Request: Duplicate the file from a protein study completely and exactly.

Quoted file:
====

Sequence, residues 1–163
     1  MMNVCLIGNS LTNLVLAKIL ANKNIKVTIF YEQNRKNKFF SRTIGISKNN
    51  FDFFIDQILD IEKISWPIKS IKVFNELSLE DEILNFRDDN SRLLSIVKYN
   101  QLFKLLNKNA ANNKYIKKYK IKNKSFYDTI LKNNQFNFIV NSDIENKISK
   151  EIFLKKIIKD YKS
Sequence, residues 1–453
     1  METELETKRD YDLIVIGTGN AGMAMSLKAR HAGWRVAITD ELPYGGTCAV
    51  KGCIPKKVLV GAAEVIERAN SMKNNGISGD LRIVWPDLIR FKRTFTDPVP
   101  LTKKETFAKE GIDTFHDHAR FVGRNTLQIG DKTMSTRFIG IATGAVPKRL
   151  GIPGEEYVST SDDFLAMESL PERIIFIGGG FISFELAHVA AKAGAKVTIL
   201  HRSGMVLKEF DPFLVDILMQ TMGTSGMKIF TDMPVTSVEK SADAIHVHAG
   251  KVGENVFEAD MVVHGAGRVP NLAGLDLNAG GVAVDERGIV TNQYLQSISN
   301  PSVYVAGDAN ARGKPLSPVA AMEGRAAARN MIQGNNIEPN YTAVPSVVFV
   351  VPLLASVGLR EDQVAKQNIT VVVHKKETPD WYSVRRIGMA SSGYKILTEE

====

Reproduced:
Sequence, residues 1–163
     1  MMNVCLIGNS LTNLVLAKIL ANKNIKVTIF YEQNRKNKFF SRTIGISKNN
    51  FDFFIDQILD IEKISWPIKS IKVFNELSLE DEILNFRDDN SRLLSIVKYN
   101  QLFKLLNKNA ANNKYIKKYK IKNKSFYDTI LKNNQFNFIV NSDIENKISK
   151  EIFLKKIIKD YKS
Sequence, residues 1–453
     1  METELETKRD YDLIVIGTGN AGMAMSLKAR HAGWRVAITD ELPYGGTCAV
    51  KGCIPKKVLV GAAEVIERAN SMKNNGISGD LRIVWPDLIR FKRTFTDPVP
   101  LTKKETFAKE GIDTFHDHAR FVGRNTLQIG DKTMSTRFIG IATGAVPKRL
   151  GIPGEEYVST SDDFLAMESL PERIIFIGGG FISFELAHVA AKAGAKVTIL
   201  HRSGMVLKEF DPFLVDILMQ TMGTSGMKIF TDMPVTSVEK SADAIHVHAG
   251  KVGENVFEAD MVVHGAGRVP NLAGLDLNAG GVAVDERGIV TNQYLQSISN
   301  PSVYVAGDAN ARGKPLSPVA AMEGRAAARN MIQGNNIEPN YTAVPSVVFV
   351  VPLLASVGLR EDQVAKQNIT VVVHKKETPD WYSVRRIGMA SSGYKILTEE